Some photographers recommend naming the folder to remember the shoot.  For example, “JimAndEmilyWedding.”  I don't recommend this approach because photographers so often have photos from more than one shoot on a memory card.  This places photos from the wedding, AND the photos from your kid's birthday which was later that night, in the same folder and names it as if it's just the wedding.

The folder naming structure actually matters little in Lightroom.  The whole point of Lightroom is that you don't need to use just folders for organization.  However, I do think a sensible structure keeps things neat and tidy.

Every “Keeper” Photo Needs Keywording and Other Organization Metadata

Suppose you take a photo of your daughter's soccer game today.  5 years later you want to find that photo.  The only way to find the photo will be to scroll through tens of thousands of photos–unless you have good metadata in the photo.

If you had keyworded the photo, you could simply do a search for “Ruger Harmer soccer” and the photo from my Lightroom catalog will come up immediately.  I can find all of my important photos within 60 seconds or less.

However, keywording can take a long time if you don't have a good process.  In my Lightroom Medic video training, I share my process for keywording any shoot in less than 5 minutes.  Basically, you just batch the process.

  1. First select all of the photos from the import and attach keywords that apply to the whole shoot.  For example, “Vacation, Ireland, Family”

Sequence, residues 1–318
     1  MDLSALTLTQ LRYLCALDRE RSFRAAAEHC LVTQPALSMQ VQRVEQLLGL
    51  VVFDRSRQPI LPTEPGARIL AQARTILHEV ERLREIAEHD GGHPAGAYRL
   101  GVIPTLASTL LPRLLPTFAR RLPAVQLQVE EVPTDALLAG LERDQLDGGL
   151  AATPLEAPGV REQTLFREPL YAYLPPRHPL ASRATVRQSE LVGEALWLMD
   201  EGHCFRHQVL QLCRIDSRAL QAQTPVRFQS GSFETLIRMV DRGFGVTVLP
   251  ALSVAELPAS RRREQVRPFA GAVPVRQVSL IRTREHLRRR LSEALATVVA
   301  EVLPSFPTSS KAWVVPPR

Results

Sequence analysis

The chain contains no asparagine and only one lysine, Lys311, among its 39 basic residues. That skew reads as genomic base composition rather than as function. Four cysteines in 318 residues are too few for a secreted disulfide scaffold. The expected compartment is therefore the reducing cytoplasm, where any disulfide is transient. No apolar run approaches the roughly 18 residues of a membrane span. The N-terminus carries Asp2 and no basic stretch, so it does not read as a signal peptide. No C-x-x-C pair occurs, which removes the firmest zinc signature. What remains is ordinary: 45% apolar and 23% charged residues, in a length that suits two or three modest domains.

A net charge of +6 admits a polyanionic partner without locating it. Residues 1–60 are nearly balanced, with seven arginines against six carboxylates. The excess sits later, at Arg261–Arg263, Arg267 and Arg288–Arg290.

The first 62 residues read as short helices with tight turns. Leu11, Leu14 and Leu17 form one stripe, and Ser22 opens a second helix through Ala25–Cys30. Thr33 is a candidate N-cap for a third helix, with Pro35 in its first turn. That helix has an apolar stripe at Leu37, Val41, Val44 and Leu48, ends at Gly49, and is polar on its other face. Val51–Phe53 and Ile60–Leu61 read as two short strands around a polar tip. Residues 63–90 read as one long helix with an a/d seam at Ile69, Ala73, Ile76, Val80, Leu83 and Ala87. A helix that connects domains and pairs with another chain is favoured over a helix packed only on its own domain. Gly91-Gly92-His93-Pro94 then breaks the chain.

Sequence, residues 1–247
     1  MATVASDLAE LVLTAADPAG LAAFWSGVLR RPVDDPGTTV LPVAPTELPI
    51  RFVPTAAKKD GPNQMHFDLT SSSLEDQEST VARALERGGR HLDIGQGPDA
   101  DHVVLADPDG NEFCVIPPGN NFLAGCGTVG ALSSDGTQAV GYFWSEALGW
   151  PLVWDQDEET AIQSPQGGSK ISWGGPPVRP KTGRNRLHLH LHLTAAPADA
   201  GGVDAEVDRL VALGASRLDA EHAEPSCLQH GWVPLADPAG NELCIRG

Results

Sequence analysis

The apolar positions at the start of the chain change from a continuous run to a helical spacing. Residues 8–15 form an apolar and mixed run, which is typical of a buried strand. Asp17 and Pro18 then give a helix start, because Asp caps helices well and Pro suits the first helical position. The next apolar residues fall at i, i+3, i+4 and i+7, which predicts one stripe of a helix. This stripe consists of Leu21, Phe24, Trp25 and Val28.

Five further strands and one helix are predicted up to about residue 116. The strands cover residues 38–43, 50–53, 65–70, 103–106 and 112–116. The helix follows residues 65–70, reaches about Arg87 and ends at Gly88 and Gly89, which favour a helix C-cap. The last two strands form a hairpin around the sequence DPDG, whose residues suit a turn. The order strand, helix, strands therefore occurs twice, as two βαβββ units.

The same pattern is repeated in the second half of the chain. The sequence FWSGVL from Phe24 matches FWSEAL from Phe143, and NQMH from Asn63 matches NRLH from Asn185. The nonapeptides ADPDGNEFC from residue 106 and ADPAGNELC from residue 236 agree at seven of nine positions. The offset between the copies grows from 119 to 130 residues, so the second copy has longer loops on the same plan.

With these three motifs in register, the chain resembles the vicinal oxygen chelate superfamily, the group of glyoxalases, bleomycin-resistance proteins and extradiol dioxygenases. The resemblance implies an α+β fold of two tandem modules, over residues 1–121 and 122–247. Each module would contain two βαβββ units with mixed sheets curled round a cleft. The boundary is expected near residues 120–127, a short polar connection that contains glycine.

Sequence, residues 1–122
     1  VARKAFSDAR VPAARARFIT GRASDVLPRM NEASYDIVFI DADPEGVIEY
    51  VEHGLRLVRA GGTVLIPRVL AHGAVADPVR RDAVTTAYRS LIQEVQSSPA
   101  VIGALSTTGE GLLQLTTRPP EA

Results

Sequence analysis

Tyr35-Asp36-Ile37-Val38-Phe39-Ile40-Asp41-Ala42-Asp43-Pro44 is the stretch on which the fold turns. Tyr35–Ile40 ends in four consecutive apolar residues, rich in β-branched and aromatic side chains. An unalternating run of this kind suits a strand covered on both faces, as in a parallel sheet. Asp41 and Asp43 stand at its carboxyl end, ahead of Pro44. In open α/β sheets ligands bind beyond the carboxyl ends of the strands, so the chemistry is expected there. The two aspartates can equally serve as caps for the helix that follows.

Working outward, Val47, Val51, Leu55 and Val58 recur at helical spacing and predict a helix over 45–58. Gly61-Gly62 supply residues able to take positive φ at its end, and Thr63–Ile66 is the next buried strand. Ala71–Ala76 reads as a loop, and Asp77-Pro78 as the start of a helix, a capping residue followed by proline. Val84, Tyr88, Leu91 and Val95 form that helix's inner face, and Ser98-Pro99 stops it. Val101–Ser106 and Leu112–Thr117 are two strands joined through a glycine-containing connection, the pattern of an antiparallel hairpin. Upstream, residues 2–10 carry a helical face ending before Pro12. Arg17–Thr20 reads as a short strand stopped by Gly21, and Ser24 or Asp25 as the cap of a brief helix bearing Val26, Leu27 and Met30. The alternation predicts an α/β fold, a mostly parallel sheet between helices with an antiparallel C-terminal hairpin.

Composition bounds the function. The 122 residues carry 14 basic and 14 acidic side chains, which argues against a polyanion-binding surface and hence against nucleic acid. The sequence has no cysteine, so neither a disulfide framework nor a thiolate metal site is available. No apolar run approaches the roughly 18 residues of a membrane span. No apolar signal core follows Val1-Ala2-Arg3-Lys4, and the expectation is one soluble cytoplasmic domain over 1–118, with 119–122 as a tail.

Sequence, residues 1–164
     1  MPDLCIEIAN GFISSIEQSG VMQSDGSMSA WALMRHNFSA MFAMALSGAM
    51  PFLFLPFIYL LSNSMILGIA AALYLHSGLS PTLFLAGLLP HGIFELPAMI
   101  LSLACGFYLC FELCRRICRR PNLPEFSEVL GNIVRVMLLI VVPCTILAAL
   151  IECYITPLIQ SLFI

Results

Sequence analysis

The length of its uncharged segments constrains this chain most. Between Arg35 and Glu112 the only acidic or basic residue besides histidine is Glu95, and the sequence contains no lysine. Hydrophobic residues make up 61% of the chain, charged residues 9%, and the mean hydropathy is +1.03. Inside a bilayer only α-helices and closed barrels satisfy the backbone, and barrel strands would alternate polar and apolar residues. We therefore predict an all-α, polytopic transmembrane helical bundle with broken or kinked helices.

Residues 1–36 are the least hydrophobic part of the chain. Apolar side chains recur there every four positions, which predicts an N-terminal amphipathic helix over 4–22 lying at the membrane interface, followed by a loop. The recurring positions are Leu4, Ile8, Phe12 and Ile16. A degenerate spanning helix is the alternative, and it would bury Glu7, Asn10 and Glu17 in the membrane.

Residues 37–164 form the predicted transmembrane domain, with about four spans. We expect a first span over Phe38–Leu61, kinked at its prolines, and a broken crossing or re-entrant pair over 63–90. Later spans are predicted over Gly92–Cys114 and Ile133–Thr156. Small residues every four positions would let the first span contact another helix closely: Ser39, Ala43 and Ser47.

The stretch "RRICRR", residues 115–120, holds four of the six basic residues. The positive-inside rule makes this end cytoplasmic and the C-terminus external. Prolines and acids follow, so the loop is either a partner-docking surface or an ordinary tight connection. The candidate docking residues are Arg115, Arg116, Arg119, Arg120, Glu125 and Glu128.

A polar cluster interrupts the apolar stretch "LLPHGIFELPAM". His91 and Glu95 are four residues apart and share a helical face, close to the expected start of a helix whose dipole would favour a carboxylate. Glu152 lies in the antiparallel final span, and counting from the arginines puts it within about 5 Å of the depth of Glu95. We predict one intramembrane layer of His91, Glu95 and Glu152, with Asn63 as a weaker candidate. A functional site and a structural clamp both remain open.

2. Next, Select Groups of photos by holding shift and put in keywords that apply to all of the photos in those groups.  For example, “Fanad Head Lighthouse, Nature, Storm.”
  3. Last, go to ONLY THE INDIVIDUAL PHOTOS that are keepers–your best shots.  Apply keywords specific to those photos such as “Selfie, Portrait, Jim Harmer” etc.

These are a FEW of the recommended settings that I'd give you for Lightroom.

Backup These Three Things On a Separate Drive

Three things need to be backed up in Lightroom.

  1. Your Lightroom Catalog file.  This is a file with the extension .lrcat.  This is your “card catalog.”  It remembers all of your edits and where you put your sliders in Lightroom, and remembers where on your hard drive the actual photo can be found.
  2. All of your photo files.  Remember, if you just backup the Lightroom catalog, you won't have your photo files.  If you fail to backup the photos, they'll be gone forever.
  3. Presets and templates.  Just backing up your .lrcat file will NOT backup your presets.  If you move to a different computer, you'll lose the presets if you haven't saved them separately.

There is a setting in Lightroom that you can check to save your presets together with your Lightroom catalog, however I do NOT recommend this setting.  After working with thousands of photographers in Lightroom, I have seen and verified several instances where this caused issues.

All of these three items need to be backed up on a separate drive.  By having two copies of the data–each on a separate drive on a different machine–you're extremely unlikely to lose any data.  You can feel confident that all of your work is backed up properly.

Keep All Photos on the Same Drive–No Exceptions!

Where I most often see photographers getting into trouble and losing data is when they outgrow their internal hard drive on the computer.  Once all of your photos don't fit on the internal drive, it can be tempting to put some of them on an external drive.  Then you outgrow that and put more photos on a second external drive, etc.

When you have photos in multiple locations, it's difficult to backup.  Also you can't search and find your photos unless you have all of your externals attached.

If you grow your internal hard drive, I believe the best practice is to buy one single HUGE external drive and move all photos from your internal drive to your external drive.  You'll also need another external of the same size which you can use to backup the original external drive.